I don’t begrudge Governor Christie for hitting the campaign trail.  Elected officials of both parties do this, and with today’s telecommunications infrastructure, a leader can be almost as effective (or ineffective) from Des Moines as he can be from Trenton.  But I am very angry at the way our leader uses sarcasm to belittle New Jersey’s citizens.    While campaigning in Iowa, Governor Christie mocked students and teachers by using a whiny voice saying “Mom, Dad, I can’t study.  I can’t work.  My grades are suffering because Mrs. Smith, she’s not getting her pay raise this year.”  Perhaps the governor thinks that our students are too dumb to read newspapers, but how is a student supposed to respect his or her hard-working teacher when the governor doesn’t?  The governor went on to categorize disagreements with his approach as “garbage.”  Since when is legitimate disagreement “garbage?”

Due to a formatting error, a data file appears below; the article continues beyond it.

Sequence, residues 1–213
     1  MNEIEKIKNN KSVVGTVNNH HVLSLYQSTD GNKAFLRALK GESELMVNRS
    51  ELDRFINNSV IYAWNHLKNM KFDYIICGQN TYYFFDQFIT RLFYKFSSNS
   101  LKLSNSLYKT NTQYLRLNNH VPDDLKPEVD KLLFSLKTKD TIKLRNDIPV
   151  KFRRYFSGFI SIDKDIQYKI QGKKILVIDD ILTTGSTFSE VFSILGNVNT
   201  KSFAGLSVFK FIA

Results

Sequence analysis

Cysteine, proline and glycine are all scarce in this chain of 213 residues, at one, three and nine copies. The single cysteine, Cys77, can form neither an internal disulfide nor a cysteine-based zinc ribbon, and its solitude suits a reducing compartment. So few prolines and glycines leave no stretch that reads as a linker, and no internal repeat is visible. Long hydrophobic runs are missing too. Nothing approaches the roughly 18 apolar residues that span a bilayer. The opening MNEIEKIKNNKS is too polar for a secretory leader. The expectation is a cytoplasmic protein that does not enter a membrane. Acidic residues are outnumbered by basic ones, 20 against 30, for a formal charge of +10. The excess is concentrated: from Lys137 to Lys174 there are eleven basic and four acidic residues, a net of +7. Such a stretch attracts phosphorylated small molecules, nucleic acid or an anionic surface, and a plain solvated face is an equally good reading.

Following that comment, the governor added, “…and you wonder why I’m in Iowa?”  Yes, governor – I wonder how your denigration of the Garden State will help attract business and tourists.  You are the ambassador from New Jersey to the rest of the world.  Keep your disagreements in Trenton – after all, you already have the legislature wrapped around your pinky.  But when on the road, you should be promoting New Jersey, not smearing it.  That’s what we pay you to do.

“…with liberty and justice for some.”

promoted by Rosi

Cross-posted from deciminyan

I am not a lawyer, and am presenting my opinion based on what I can discern from on-line articles.  Input and clarifications from any attorneys reading this blog are encouraged.